ZEB Flexible Lab, Trondheim

The ZEB Flexible Lab in Trondheim is among the world's most sustainable builds and the first in the world with proven climate accounting showing total Co2 emissions with equivalent compensation of energy production.

Office building ZEB Flexible Lab, Trondheim. Photo.


NTNU / Sintef


04/2017 – 10/2020


NTNU Gløshaugen, Høgskoleringen 7B, 7034 Trondheim


1,800 square metres over four floors, and is executed with cross laminated timber in a flexible “grid”

Project type

Office building


Collaborative contract




83 millioner NOK


LINK arkitektur

The shape of the building is inspired by the shape of silicon crystals, from which solar panels produce energy.

Veidekke, NTNU and Sintef have co-developed the project in Phase 1 with the overall ambition that: The building should be a “Living Lab” and the research in the building should answer the overarching research questions:

  • What technical and architectural solutions are needed to achieve good office and teaching conditions in a ZEB building?
  • How do users influence energy use in the building and how do they adapt to ZEB technologies?
We have never been challenged in this way in the past. The task was to design a building that is completely climate neutral.
District Manager at Veidekke Bygg Trøndelag.

The building is a “Zero Emissions Building” with level COM, that is, in a 60-year perspective, the Co2 emissions from production, transport, construction site, building construction and operation should be compensated for by the production of renewable energy using solar cells.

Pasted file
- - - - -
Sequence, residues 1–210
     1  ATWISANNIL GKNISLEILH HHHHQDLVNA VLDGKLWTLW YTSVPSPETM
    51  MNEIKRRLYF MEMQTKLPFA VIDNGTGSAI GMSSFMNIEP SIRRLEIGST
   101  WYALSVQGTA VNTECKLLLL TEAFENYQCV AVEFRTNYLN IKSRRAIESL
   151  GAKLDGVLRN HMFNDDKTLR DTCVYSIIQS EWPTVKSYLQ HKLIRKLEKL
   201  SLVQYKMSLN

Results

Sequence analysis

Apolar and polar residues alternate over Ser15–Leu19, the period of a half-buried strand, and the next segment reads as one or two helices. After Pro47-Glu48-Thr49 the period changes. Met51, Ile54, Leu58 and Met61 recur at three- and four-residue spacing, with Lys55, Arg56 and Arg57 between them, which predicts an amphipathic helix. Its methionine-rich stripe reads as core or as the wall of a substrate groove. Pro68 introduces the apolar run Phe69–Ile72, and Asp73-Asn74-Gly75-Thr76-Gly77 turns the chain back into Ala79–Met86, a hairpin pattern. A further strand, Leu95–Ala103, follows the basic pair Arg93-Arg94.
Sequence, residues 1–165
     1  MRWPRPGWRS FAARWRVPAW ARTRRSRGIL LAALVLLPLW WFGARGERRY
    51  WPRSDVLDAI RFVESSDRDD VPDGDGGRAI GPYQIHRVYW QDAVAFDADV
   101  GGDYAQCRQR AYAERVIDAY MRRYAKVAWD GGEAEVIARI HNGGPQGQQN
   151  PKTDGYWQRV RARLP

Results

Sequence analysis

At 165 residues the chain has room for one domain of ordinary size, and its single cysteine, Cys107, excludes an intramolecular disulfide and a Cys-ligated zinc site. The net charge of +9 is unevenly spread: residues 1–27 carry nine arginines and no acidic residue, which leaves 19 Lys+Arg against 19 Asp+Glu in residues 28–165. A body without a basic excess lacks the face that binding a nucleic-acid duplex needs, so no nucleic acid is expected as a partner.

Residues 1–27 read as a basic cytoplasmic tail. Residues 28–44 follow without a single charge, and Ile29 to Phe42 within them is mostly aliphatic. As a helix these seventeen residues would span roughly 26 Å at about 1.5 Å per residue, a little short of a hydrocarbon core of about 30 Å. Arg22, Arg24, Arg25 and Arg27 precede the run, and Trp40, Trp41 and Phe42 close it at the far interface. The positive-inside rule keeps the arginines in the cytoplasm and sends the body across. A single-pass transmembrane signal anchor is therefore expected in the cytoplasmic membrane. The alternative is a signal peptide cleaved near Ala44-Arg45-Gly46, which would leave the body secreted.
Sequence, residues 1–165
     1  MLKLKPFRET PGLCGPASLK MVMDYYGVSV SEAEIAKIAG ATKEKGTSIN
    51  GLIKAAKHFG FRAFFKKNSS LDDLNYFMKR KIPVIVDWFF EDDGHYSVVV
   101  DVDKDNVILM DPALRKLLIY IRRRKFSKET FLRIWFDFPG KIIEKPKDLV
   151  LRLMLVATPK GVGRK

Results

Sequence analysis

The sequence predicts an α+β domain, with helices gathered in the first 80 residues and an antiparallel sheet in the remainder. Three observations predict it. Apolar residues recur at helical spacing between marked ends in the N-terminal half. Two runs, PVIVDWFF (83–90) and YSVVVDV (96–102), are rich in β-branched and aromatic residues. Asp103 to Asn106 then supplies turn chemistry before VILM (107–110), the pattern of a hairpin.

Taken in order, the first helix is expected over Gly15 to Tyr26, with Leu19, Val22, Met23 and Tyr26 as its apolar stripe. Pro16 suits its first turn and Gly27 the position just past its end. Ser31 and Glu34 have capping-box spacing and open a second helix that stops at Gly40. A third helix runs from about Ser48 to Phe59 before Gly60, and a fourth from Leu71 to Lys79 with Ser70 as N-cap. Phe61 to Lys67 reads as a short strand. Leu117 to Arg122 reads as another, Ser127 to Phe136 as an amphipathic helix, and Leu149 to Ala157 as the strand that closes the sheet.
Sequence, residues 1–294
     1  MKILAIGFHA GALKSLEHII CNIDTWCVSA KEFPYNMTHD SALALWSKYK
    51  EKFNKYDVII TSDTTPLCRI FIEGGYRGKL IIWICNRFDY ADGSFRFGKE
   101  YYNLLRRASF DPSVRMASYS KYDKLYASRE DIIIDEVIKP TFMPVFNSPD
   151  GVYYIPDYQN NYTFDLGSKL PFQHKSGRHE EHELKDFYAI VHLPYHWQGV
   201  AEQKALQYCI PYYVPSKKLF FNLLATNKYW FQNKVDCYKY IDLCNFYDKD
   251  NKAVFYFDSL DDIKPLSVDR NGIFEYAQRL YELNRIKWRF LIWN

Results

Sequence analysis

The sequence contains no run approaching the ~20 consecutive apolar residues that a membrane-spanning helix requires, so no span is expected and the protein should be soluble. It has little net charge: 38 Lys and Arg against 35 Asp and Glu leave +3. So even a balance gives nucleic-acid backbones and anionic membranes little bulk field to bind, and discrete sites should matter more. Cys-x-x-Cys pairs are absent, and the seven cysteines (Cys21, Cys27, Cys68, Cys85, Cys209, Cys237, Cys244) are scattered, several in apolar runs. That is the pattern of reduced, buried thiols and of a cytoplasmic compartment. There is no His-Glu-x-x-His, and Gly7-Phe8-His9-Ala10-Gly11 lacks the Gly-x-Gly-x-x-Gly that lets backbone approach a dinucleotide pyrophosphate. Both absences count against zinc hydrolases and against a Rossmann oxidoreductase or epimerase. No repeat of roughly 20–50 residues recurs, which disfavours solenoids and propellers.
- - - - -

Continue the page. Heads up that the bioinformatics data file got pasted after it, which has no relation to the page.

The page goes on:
Top class environmental building and energy use

The building is a combined office and teaching building with areas and solutions where research is to be conducted in accordance with the overarching research questions and consists of 2000 m2 spread over four floors. Foundations and ground-level floors are built with class A low-carbon concrete, the structural system with cross laminated timber, the facade cladding with a combination of carbonised ore-pine and high-efficiency solar cells (BIPV), and the roof cladding with high-efficiency solar cells (BIPV). All materials used in the building are selected with respect to reduced Co2 emissions.

It is not necessarily the most important thing to have all the machines on the construction site powered by electricity. It may be that investing in robust materials with a long lifespan is an even better investment.
Trygve Karlsen, Project Manager ZEB Flex Labs

Artificial intelligence controls the indoor climate

The building has its own energy supply system, and is connected to public power and the district heating network on campus. Measurement and control of the energy supply, air supply, lighting and solar shielding combined with the number of users of the building is carried out via a separate building control system. The use of artificial intelligence makes it possible to interpret correlations between indoor positioning data and indoor climate data. The laboratory itself is equipped with building-integrated solar panels and a heat pump that can make use of various heat sources, such as heat recovery from service and outdoor air.

Photo: m.herzog / visualis-images.com

Key figures in the project



All Co2 emissions should, in a 60-year perspective, be compensated for by the production of renewable energy using solar cells.


Norwegian record for the number of apprenticeships

In total, 19 apprentices have accounted for 21 percent of the production.

Real-time control


1,400 sensors, 130 controlled objects and 17,000 data points.



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